Risk factors in the environment such as air pollution and traffic noise contribute to the development of chronic noncommunicable diseases.
Epidemiological data suggest that air pollution and traffic noise are associated with a higher risk for cardiovascular, metabolic, and mental disease, including hypertension, heart failure, myocardial infarction, diabetes, arrhythmia, stroke, neurodegeneration, depression, and anxiety disorders, mainly by activation of stress hormone signaling, inflammation, and oxidative stress.
We here provide an in-depth review on the impact of the environmental risk factors air pollution and traffic noise exposure (components of the external exposome) on cardiovascular health, with special emphasis on the role of environmentally triggered oxidative stress and dysregulation of the circadian clock. Also, a general introduction on the contribution of circadian rhythms to cardiovascular health and disease as well as a detailed mechanistic discussion of redox regulatory pathways of the circadian clock system is provided.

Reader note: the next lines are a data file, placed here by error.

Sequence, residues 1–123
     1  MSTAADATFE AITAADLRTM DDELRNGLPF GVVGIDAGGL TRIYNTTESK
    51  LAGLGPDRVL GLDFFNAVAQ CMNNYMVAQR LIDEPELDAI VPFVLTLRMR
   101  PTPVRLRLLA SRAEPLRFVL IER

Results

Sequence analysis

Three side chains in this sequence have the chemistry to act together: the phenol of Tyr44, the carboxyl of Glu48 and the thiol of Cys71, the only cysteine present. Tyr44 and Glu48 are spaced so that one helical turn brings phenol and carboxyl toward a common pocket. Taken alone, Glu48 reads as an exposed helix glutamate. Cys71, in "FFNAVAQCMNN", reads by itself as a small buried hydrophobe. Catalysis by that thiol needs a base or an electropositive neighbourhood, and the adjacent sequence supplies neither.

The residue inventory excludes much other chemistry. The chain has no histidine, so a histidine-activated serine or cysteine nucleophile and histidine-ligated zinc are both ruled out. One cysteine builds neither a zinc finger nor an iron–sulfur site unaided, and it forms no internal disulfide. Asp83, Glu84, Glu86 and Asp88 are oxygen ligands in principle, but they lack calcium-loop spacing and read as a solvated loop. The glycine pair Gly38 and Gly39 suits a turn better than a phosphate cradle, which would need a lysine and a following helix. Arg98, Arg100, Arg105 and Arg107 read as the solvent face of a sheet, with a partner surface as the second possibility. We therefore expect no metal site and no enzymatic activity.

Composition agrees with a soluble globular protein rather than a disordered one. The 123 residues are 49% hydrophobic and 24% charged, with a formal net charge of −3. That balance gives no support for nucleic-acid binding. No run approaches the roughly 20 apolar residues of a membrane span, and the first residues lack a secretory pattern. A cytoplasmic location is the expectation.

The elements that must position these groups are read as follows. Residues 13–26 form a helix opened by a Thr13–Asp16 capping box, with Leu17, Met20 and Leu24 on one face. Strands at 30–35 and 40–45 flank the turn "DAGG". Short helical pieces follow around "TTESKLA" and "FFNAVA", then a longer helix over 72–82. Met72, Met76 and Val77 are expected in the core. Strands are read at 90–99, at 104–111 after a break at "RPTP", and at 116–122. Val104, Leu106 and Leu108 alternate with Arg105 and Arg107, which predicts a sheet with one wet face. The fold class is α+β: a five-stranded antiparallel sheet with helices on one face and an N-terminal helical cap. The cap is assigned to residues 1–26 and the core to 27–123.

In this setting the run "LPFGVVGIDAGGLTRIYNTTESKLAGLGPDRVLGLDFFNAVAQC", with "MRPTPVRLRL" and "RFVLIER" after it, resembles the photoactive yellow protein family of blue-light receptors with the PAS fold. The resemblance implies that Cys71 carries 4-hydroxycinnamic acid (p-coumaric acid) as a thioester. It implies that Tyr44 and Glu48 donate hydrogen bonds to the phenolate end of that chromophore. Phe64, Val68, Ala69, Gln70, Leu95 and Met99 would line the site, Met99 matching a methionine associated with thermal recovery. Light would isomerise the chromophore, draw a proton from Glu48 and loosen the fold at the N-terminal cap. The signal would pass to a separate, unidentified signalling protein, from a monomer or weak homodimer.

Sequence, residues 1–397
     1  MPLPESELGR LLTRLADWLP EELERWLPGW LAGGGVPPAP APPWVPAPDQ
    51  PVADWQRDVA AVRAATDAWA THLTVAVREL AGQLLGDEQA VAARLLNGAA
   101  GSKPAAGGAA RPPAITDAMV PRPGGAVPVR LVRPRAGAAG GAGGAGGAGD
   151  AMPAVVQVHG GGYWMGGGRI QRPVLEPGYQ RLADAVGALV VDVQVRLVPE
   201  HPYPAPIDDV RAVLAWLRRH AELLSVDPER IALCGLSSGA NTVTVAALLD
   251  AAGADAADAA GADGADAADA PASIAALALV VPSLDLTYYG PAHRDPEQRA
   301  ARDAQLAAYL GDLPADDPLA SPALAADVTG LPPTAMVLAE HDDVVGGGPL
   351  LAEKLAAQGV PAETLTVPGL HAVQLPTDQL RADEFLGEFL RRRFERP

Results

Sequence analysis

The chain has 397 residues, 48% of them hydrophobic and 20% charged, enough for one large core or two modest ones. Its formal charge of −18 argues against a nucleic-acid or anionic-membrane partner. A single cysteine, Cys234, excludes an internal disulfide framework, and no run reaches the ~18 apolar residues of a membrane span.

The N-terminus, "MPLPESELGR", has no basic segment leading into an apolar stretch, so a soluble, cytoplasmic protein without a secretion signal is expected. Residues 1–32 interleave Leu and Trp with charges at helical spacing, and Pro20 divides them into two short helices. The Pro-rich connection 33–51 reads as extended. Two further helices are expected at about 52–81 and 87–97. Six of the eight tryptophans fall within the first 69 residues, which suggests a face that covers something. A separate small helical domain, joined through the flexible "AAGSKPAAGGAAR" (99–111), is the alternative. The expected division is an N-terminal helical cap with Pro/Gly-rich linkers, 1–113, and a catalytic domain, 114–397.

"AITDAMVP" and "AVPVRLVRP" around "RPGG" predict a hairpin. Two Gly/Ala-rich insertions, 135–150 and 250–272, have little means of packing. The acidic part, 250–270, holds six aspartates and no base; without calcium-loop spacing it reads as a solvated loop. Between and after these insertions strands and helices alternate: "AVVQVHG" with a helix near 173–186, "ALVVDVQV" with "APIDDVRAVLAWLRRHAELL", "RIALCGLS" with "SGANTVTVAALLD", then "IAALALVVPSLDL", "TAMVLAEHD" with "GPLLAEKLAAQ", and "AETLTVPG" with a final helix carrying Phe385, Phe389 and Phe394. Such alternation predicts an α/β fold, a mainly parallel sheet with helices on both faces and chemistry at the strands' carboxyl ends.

Finally, we discuss the potential of preventive strategies or “chrono” therapy for cardioprotection.
Antioxid. Redox Signal
. 37, 679–703.